What is the role of the narrator in Jean Toomer's Cane?

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Jean Toomer's Cane is not a simplistic narrative by any means. Numerous voices weave in and out of the body of the text. In some cases, this type of narrative voice is referred to as a spiral narrative. A spiral narrative uses the voices of many to discuss the main theme within a text. Each of the voices present in the text adds another dimension or deeper truth to the overall subject matter and/or theme presented. Given that Toomer's text contains twenty-nine different poems, vignettes, and stories (as well as a play), it would make sense that the text also contains different narrative voices.

Given that the text exists as a part of the Harlem Renaissance, it would only make sense that it contains as many voices as possible. Within the story, more voices (which may have been previously muted) are thus able to speak and tell their stories. With each new voice comes a new experience and perspective. Therefore, the role of the narrator in Toomer's text is to present the most three-dimensional voices possible. Each narrator adds to the overall message of the text while adding their own individual take on what has happened to them. The text is not only about the shared experiences of the narrators; it is also about the shared empathy and sympathy of experiencing such trials and tribulations as a people.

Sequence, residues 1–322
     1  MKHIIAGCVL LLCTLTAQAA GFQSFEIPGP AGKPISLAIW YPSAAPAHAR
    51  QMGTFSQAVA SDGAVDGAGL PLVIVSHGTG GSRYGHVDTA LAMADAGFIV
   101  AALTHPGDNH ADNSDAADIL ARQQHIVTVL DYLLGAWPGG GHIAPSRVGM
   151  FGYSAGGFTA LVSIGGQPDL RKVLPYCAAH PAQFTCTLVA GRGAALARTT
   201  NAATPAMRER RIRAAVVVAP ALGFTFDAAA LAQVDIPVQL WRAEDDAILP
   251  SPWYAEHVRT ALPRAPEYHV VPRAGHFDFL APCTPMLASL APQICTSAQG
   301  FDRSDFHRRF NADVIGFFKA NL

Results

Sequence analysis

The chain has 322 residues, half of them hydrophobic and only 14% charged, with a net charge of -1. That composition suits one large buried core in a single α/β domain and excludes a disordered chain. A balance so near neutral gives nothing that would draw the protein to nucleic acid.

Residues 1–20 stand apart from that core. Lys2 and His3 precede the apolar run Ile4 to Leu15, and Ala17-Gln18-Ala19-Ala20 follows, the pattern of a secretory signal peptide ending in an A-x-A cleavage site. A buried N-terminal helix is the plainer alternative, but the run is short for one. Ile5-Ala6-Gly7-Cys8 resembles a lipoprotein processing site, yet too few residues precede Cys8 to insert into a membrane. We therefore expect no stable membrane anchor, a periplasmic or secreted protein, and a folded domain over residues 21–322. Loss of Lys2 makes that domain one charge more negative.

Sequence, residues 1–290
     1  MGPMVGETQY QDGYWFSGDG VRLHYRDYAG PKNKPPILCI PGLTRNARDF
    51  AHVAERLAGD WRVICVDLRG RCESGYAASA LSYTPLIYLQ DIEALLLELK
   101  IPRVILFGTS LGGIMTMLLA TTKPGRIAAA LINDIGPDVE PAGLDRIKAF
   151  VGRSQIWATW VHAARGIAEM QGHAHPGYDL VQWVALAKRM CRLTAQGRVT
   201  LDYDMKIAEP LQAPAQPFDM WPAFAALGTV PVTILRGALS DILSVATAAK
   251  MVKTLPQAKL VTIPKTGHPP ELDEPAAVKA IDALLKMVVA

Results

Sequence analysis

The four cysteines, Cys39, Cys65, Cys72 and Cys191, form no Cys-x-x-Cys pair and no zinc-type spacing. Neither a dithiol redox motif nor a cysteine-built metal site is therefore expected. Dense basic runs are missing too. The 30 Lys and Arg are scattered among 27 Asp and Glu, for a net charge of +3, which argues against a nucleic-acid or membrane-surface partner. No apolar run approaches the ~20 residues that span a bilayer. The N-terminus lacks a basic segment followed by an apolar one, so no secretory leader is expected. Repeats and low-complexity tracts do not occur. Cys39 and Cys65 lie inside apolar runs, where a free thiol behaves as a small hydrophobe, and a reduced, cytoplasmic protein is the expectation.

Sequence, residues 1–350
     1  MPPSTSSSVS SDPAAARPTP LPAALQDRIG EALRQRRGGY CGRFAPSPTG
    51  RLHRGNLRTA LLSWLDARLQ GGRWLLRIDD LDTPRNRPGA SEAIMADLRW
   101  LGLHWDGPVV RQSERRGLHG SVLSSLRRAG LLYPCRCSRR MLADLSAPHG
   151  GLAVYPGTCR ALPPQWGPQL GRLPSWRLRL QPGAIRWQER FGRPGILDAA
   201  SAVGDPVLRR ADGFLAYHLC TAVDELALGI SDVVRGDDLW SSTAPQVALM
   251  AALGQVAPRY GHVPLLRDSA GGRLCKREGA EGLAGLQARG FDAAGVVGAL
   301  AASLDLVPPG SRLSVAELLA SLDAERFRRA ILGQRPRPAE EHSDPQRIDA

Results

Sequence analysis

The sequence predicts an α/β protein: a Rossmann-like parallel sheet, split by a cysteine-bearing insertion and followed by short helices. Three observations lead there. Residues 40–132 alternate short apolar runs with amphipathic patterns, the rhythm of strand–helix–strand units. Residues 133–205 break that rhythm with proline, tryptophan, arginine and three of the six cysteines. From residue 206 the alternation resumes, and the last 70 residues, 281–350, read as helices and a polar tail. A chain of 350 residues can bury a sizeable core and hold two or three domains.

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One of the most controversial aspects of Cane is its structure. While those who praised the book as innovative often singled out its complex, circular quality, others found the book disorganized or disjointed. The narrator, whom many assumed was the author, is one of the most challenging aspects.

The easiest assumption is to equate the narrator with the author. However, different sections of the book have their own narrators, so the question of how the various voices relate to each other arises. Is the central narrator distinct from the character Kabnis? And if so, in what ways?

The very instability of the narrator suggests that this fluctuating voice can guide the reader’s emotional and intellectual experience of the worlds created in the text. Rather than directly reflecting the author himself, therefore, the shifting narrative voice suggests the inadequacy of authority.

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